0

I've this error and resolved it adding this on my ~/.zshrc: export PATH=$HOME/bin:/usr/local/bin:$PATH See more here: https://github.com/ohmyzsh/ohmyzsh/issues/3507#issuecomment-431106509


0

If you're on windows you can simply use GitManager (GitAccountManager on npm): https://github.com/paul-hanneforth/GitManager. There you can do it all with only one command.


0

Since discovering FastScripts (which I highly recommend), I've been looking for a way to go all-in on it and rid myself of Automator. So I needed to have a way to pass the selected Finder items as parameters to the shell. For that, I created the helper script Input.scpt, which returns the selection as a list of POSIX paths: set text item delimiters to ...


1

What is your output for stty -a from terminal? You're looking for intr = ^C; This may be helpful: Ctrl-C and Ctrl-Z not working in terminal


0

Your terminal.out < pipe_in | tee result.txt syntax is correct; here's an example in action: [gnubeard@mothership: ~]$ mkfifo foo [gnubeard@mothership: ~]$ cat - < foo | tee bar In another shell-- echo "Hello, world!" > foo Then we see the output in the original terminal: [gnubeard@mothership: ~]$ cat - < foo | tee bar Hello, world! And the ...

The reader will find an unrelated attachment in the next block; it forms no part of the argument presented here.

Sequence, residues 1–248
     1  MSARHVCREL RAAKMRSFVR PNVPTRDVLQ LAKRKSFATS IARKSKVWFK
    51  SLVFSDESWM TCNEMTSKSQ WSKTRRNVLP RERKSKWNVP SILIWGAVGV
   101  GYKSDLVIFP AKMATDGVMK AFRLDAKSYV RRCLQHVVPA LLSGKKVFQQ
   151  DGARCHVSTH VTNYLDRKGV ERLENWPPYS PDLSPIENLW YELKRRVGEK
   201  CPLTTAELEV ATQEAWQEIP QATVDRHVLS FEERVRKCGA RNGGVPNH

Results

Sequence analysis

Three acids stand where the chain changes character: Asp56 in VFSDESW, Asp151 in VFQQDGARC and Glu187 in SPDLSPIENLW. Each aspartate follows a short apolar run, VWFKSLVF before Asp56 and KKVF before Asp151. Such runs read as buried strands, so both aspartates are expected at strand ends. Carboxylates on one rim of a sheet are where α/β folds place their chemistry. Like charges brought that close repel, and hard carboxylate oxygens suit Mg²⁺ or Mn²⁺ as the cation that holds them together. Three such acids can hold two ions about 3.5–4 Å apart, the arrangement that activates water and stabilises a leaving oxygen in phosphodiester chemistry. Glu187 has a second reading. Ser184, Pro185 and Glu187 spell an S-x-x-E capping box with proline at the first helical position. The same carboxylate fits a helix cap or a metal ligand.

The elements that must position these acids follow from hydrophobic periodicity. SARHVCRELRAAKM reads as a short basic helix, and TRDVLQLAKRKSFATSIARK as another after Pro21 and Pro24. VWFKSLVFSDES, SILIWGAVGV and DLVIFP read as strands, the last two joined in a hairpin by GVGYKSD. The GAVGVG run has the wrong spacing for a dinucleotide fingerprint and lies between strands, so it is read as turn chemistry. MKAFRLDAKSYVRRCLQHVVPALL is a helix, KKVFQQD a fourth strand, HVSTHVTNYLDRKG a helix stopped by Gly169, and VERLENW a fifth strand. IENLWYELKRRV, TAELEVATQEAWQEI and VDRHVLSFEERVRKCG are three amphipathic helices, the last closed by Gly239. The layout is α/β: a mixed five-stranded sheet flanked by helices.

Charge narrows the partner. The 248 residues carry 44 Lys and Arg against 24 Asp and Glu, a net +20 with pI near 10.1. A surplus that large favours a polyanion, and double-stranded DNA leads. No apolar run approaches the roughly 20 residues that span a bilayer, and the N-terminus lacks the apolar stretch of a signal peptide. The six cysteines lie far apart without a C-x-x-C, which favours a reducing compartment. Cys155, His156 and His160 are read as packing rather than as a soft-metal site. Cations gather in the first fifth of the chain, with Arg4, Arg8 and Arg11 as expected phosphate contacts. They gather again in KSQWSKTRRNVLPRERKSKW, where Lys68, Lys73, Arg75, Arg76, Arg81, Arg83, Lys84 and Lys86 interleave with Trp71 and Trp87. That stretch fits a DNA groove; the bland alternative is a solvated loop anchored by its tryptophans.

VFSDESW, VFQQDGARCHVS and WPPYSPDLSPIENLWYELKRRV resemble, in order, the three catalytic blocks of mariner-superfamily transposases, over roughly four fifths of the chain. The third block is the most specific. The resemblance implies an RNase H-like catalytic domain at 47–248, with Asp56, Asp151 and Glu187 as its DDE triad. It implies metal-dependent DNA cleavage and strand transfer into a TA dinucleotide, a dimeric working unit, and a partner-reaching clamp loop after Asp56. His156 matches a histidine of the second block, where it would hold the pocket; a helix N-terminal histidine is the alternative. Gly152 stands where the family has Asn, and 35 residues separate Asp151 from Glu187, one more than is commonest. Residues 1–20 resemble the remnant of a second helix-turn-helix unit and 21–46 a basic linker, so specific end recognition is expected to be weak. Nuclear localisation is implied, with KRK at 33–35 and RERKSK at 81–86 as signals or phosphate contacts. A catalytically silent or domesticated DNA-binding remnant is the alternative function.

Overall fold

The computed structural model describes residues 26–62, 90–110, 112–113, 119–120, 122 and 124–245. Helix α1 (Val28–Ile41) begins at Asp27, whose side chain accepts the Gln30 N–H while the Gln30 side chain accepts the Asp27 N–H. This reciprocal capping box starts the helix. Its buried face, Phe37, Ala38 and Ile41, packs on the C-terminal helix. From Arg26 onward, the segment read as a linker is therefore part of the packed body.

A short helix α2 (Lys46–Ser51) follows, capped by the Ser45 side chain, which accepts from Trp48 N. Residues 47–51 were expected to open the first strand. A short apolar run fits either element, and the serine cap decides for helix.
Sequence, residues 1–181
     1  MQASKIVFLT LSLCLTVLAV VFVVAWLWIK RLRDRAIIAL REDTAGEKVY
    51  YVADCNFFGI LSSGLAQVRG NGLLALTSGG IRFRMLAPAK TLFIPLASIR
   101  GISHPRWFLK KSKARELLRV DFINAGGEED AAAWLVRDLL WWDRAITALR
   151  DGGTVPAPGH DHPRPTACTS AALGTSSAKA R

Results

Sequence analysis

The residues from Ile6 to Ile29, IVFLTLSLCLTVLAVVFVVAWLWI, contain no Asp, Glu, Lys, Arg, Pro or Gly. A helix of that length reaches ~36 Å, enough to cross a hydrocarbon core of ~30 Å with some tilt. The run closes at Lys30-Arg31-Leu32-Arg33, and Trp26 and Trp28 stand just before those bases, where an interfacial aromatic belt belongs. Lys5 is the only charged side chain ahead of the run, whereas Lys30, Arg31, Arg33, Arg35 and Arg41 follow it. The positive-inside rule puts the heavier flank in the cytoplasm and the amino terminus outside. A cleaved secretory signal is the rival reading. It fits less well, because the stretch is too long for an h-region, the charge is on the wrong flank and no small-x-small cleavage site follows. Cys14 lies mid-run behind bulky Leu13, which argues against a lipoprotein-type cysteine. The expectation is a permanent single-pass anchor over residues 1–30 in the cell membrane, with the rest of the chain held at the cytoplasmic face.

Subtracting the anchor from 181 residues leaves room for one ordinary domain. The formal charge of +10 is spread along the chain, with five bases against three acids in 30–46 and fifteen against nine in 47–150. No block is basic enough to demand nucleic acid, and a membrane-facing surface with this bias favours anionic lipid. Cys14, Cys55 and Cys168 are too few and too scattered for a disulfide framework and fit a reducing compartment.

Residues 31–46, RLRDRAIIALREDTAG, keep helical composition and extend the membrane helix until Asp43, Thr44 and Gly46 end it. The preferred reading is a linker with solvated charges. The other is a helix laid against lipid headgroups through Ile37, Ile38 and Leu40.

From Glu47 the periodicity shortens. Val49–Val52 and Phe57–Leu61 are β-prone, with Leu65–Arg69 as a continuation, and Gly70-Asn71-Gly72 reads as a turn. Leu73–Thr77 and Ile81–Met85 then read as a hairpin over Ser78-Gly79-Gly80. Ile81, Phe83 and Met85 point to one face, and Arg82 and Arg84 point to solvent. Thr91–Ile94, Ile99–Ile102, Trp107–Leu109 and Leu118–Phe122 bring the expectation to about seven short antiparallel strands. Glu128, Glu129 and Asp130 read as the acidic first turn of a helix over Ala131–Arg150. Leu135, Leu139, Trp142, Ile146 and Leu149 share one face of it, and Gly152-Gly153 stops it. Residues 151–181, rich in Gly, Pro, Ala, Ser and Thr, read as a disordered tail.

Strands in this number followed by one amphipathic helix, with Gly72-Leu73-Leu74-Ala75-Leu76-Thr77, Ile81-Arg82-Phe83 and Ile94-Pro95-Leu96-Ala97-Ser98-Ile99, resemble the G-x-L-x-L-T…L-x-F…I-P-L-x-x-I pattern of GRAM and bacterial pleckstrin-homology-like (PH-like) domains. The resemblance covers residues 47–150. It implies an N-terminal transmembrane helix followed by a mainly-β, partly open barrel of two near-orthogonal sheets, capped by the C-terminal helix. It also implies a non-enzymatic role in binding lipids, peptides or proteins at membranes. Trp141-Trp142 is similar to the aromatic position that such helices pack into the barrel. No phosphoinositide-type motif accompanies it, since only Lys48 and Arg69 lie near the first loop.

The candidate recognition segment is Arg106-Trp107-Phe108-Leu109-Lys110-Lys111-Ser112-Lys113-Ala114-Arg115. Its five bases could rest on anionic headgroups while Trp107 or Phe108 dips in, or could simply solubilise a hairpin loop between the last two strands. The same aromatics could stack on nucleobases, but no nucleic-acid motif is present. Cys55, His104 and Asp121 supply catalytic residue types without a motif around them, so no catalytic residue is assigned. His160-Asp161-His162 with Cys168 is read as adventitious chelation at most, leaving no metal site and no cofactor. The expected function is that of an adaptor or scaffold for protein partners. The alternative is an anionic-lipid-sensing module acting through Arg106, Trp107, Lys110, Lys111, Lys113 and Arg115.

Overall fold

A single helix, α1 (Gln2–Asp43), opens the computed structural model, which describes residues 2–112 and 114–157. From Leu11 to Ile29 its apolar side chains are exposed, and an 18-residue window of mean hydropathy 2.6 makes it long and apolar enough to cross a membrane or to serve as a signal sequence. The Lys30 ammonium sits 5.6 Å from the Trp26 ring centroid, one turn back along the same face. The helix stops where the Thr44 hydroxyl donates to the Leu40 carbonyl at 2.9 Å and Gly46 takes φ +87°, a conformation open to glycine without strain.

0

Another solution would be to execute a bat file on the windows machine from ssh. It will remain running after you disconnect.


0

You probably want to download the packages on another PC - and make sure to check sure you have the packages you need. apt depends will tell you what you need geek@test-box:/var/crash$ apt depends filezilla filezilla Depends: filezilla-common (= 3.39.0-2) Depends: libc6 (>= 2.28) Depends: libdbus-1-3 (>= 1.9.14) Depends: libfilezilla0 (>= ...


0

Before exec'ing your shell, the system sets up the PATH environment variable from entries in the file /etc/paths and any files in the directory /etc/paths.d. Then, as you know, once it exec's your shell, depending on your shell and how it was invoked, your shell probably sources some shell startup scripts some of which may be system wide like /etc/profile, ...


1

Other plausible option, if you wanted to use the "new user" on only one project, you can do it by configuring it just for the project's directory in which you are working. e.g: git config --local user.name "Mike" git config --local user.email "mike@example.com" note that I'm using --local instead of --global.


0